We love these new Lillypilly copper sheets decorated with a lovely patina finish, and we know you will, too! You may be wondering what patina means, so were here to explain it!
The patination process for both copper and bronze is a natural progression over time. As copper ages it grows a colored layer to protect it from corrosion called patina. This layer is caused from oxidization and is often blue or green naturally, known as acquired patina. With the help of science, however, manufacturers looking to replicate the process for aesthetic reasons use chemicals to manipulate the colors and produce everything from red to black. This is called applied patina or distressing.You can discover new dimensions in style with these Lillypilly patina copper sheets. One side shines with its warm copper color, while the other side is exposed to a special patina color pattern. From dark spots to cool blue coloring, browse different colors and patterns for just the right one. Each sheet is coated with a protective wax, and should be coated with another layer of paste wax (like car wax or floor wax) to maintain the colorful appearance. Due to this process, each copper sheet will display its own pattern of coloring, too, so your piece is sure to be one of a kind.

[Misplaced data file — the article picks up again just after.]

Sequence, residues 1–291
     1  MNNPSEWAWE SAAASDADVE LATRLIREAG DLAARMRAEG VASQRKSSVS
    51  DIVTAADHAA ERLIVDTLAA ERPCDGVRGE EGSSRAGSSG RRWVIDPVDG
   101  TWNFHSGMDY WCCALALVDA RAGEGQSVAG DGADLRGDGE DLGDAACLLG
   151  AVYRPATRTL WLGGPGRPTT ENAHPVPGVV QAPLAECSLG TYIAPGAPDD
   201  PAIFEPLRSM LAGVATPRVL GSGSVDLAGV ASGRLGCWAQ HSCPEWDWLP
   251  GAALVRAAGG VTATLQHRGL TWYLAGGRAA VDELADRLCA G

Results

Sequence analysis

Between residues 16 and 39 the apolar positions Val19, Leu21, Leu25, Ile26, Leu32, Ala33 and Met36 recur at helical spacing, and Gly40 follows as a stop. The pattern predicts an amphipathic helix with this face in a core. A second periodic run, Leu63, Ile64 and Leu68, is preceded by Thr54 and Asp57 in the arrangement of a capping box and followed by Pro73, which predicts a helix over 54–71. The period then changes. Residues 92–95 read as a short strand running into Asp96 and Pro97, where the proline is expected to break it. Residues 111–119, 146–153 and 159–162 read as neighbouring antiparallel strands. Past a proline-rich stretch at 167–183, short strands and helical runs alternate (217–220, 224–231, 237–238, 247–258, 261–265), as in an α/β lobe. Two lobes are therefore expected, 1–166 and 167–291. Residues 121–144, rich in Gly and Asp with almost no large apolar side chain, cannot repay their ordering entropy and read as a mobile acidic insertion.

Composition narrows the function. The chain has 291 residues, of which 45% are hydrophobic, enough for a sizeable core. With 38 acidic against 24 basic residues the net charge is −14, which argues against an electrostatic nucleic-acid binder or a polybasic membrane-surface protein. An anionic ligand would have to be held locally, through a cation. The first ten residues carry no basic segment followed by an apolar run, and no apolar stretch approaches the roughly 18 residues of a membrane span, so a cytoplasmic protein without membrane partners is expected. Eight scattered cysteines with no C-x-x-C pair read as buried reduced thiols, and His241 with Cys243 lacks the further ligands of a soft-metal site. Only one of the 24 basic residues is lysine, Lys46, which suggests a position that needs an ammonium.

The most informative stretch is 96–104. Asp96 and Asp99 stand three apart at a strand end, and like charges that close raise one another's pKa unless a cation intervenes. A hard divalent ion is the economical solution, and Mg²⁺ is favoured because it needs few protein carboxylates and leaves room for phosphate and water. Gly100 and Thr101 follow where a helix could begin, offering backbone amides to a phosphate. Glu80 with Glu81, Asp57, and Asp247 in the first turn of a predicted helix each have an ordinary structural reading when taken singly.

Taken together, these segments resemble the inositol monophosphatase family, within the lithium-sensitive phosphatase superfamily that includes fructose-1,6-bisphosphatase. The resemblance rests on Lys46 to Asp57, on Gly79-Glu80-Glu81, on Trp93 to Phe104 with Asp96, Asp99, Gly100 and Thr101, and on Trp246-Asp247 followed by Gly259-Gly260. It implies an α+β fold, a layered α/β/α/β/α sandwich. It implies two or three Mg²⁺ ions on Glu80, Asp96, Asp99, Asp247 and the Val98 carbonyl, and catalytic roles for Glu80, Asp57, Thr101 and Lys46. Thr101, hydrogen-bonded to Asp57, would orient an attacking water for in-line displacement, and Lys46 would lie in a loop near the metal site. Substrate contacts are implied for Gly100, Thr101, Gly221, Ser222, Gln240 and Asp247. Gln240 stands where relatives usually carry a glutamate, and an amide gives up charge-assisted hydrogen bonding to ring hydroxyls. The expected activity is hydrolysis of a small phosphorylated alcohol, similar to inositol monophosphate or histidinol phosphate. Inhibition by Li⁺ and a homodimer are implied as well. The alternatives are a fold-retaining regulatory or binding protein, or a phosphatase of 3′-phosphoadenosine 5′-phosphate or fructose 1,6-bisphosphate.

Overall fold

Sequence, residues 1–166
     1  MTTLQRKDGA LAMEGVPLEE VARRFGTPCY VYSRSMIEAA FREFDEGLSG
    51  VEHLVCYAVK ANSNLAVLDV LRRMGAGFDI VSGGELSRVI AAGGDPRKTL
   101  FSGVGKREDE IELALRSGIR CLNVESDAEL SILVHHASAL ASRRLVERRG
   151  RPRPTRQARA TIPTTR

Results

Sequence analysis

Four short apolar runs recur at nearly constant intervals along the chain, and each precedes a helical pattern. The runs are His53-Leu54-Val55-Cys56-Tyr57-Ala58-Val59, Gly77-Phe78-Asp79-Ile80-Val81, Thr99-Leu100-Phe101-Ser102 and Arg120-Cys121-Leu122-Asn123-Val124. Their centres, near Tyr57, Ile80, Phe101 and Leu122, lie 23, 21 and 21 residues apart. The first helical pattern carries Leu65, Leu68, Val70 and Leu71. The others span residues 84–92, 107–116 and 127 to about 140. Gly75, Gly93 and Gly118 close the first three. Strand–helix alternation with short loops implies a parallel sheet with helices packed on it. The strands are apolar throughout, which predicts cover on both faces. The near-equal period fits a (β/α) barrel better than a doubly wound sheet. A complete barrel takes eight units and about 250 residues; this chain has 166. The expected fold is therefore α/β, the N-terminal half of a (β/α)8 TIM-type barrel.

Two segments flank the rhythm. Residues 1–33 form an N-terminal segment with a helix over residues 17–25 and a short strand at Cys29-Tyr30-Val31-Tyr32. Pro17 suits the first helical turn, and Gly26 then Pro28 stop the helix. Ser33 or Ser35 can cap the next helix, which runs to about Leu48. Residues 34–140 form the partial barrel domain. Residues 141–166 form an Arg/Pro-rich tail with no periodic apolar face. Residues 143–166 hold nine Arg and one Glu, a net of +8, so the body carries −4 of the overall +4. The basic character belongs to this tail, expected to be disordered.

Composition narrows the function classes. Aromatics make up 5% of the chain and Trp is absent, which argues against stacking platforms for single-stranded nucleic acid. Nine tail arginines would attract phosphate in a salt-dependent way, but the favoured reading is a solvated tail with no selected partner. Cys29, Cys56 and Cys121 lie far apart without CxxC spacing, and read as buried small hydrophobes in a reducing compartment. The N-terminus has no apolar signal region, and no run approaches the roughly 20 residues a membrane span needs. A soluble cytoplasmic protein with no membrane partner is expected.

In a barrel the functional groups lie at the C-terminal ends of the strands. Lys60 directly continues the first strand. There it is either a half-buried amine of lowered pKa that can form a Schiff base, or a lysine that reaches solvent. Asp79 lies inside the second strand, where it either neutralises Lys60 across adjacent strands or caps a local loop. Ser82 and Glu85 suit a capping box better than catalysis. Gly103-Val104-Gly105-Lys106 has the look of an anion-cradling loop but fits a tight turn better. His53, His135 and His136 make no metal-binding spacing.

Our designers got to play with some of these new sheets and made a cool pair of earrings, and we want to share their idea with you! To make the earrings, you will need a pair of metal shears, a hole punch, round paper punch, metal files and your choice of copper sheet. Look for some of these components under our jewelry making tools and supplies section. Remember to wax your copper piece before working with it to maintain its color.
|1. Trace your design on the copper sheet and cut it out using the shears.||2. Use the file to smooth out the sharp edges.|
|3. The paper punch helped create the circular pieces. Please note that you should not use a paper punch to cut paper once it has been used to cut metal, and should only be used with the 36 gauge sheets.||4. The smaller holes at the top were made with a hole punch, and then the earring finding was thread through this small hole.|